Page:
In the Hunuas, materials for building earth dams are available in abundance. The local bedrock is greywacke, which is hard and strong and has a deep, clay-rich weathering profile, making it ideal core material but impossible to work during winter and spring. Construction at Cosseys Creek took three summer seasons, during which 411,250 m of clay and rock were placed at a point where the stream valley is deeply incised across an ancient fault scarp. Compacting was carried out with sheep-foot and pneumatictyred rollers up to 50 t in weight. All earth dams need to be built on a solid, water-tight foundation to prevent water loss through seepage from underneath or, worse, the undermining of the whole structure. The basement greywacke on which the Hunua dams are built is highly fractured, and hence potentially porous. After clearing the bedrock on which each Hunua dam was to be built, a systematic pattern of holes was drilled across the entire area, and grout (a mixture of cement and water) was pumped into the basement rock under pressure. This created a grout curtain through which water was unable to pass. The dams were then erected on this now sound foundation.
All dams have spillways for getting rid of excess water as a precaution against catastrophic washout. At Cosseys Creek the original plan was to construct a conventional concrete-channel spillway on the northern side of the dam. When the site was cleared, however, it was found that an ancient tributary valley running into the creek at that point was full of soft pumice-rich sediments that would have made an unsuitable foundation for this kind of spillway. Consequently, a more expensive bell-mouth spillway had to be built instead.
Each Hunua earth dam is protected from wave and rain erosion by large, carefully placed stones, known as rip-rap, on the upstream face. The downstream buttress is grassed and continuously monitored for signs of seepage.
The Mangatangi dam, commissioned in 1977, is the second-largest earth-core rock-shoulder dam in the country. Its lake, covering 185 ha and containing 35,000,000 m3 of water, is New Zealand’s largest metropolitan reservoir.
Auckland endowed the region with a major conservation area. When Auckland Regional Authority took over the bulk water supply from the city council in 1965, the 17,000 ha of steep and rugged bush country that constitute the Hunua water catchment became Hunua Regional Park. Its highest point is Kohukohonui trig, at 688 m.
Few permanent pre-European settlements are known in this area, although the Hunua forest provided Maori with food, timber and refuge. In the wake of the Land Wars, Europeans moved in, Solomon Cossey among them. Timber was felled for export and local construction, and the bush was cleared to make way for farms. However, the difficult nature of the terrain, limited access and poor soils made the region one of the least desirable for settlement once the timber had gone. Auckland city began to purchase the more remote and rugged parts of the ranges as a potential water-supply catchment in the 1920s.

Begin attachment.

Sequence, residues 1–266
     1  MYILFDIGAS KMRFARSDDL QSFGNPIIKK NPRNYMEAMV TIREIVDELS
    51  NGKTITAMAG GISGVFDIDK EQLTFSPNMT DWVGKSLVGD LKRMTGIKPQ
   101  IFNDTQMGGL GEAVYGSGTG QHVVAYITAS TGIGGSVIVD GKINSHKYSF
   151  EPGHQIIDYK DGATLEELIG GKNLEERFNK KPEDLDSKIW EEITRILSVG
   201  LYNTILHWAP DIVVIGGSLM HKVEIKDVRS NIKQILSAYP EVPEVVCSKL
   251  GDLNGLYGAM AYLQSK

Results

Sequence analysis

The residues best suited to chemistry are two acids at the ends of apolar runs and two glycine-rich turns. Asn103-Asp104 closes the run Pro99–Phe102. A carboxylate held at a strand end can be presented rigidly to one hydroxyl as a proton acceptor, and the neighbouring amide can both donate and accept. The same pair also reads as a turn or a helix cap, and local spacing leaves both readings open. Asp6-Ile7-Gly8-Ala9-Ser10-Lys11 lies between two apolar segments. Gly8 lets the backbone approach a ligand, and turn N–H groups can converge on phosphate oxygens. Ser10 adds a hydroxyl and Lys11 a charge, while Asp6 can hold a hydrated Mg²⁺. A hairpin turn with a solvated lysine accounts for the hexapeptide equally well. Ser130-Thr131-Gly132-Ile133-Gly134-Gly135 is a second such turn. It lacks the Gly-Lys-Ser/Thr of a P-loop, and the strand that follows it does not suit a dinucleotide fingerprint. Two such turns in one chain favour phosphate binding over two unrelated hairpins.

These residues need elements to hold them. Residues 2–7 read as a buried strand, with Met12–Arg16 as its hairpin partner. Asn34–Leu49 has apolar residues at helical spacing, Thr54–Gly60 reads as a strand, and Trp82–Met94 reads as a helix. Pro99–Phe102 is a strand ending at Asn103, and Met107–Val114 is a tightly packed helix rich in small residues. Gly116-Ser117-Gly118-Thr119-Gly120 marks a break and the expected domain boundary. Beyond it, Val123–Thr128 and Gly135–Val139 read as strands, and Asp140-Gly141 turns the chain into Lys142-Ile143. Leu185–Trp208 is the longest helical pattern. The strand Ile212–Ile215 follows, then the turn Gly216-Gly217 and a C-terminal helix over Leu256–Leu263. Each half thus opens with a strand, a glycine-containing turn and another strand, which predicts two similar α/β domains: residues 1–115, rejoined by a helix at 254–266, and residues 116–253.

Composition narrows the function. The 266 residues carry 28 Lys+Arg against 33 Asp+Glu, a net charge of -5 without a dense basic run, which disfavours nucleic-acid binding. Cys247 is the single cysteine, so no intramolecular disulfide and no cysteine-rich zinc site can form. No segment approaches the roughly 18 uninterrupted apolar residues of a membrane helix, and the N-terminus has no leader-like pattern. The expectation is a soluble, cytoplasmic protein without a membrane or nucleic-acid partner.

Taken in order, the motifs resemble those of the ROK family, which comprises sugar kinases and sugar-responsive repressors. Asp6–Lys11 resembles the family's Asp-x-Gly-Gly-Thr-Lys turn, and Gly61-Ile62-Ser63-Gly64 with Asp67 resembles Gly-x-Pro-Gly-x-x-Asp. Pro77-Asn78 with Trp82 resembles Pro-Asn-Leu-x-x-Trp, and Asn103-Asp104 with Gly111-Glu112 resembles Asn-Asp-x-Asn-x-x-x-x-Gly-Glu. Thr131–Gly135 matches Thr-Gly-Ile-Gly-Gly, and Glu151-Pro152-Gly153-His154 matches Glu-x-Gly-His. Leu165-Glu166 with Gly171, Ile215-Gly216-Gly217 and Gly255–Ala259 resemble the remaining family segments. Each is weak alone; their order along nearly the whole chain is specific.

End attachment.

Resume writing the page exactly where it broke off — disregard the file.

Today, conservation is the main aim of managing the park. The park contains the largest remaining block of rain forest in the Auckland region, and the areas in which kauri, matai, kahikatea, tawa, rata and rimu were logged in the 19th and 20th centuries are all regenerating, as is the bush throughout the catchment.
Numerous native and introduced birds call the park home, as do various fish and other small animals, including native bats and frogs and, of course, introduced vermin, which have long had an adverse effect on the native inhabit‑ants. In recent years, considerable efforts by the regional authority in conjunction with the Department of Conservation have begun turning this unfortunate situation around.
Today, common Hunua native birds include korimako (bellbird), kahu (Australasian harrier), riroriro (grey warbler), kotare (kingfisher), kereru (New Zealand pigeon), welcome swallow, tui, piwakawaka (fantail), tauhou (silver-eye), miromiro (tomtit) and pipiwharauroa (shining cuckoo). Less common are kaka, koekoea (long-tailed cuckoo) and toutouwai (North Island robin).
Of particular note is the kokako recovery programme. Hunua Regional Park contains the last remaining original kokako population in the Auckland area. By 1994 this stood at 25 males and one female. The possums, goats, rodents and stoats that were threatening these survivors were targeted by an intensive poisoning and trapping programme. Since February 2004, nine kokako pairs have been breeding in an area of 800 ha criss-crossed by a grid of possum-and rat-bait stations and surrounded by a Berlin Wall of stoat-and ferret-trap lines.
These measures have led to a sharp upturn in the Hochstetter’s frog population in the kokako recovery area. A survey by the regional authority in 2003 revealed an abundance of juvenile and young frogs compared with similar surveys carried out in the mid-1990s. Its findings also indicated that the structure and health of the Hunua population were as good as, if not better than, those of other North Island populations.
The reduction in alien predators has also resulted in the return of, or an increase in, populations of such birds as North Island robin, bellbird and kaka. In April 2003, 40 pairs of whiteheads were released, marking the species’ return to the Hunuas after an absence of 120 years. If the whiteheads flourish, long-tailed cuckoos, which favour whitehead nests, should also increase in number.
For humans, Hunua Regional Park provides for a range of recreational activities, including walking, tramping, camping, mountain-biking and even trout-fishing. Aucklanders owe a deep debt to those 1902 local-body politicians and engineers who conceived the place.